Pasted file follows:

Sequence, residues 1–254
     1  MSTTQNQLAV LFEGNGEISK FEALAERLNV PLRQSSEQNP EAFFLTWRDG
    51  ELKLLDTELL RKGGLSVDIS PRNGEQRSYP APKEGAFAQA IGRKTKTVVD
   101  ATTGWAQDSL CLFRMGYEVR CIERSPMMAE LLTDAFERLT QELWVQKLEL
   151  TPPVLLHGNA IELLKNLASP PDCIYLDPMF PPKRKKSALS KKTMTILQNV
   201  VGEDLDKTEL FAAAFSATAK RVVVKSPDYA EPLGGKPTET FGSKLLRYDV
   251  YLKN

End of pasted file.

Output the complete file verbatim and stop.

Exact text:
Sequence, residues 1–254
     1  MSTTQNQLAV LFEGNGEISK FEALAERLNV PLRQSSEQNP EAFFLTWRDG
    51  ELKLLDTELL RKGGLSVDIS PRNGEQRSYP APKEGAFAQA IGRKTKTVVD
   101  ATTGWAQDSL CLFRMGYEVR CIERSPMMAE LLTDAFERLT QELWVQKLEL
   151  TPPVLLHGNA IELLKNLASP PDCIYLDPMF PPKRKKSALS KKTMTILQNV
   201  VGEDLDKTEL FAAAFSATAK RVVVKSPDYA EPLGGKPTET FGSKLLRYDV
   251  YLKN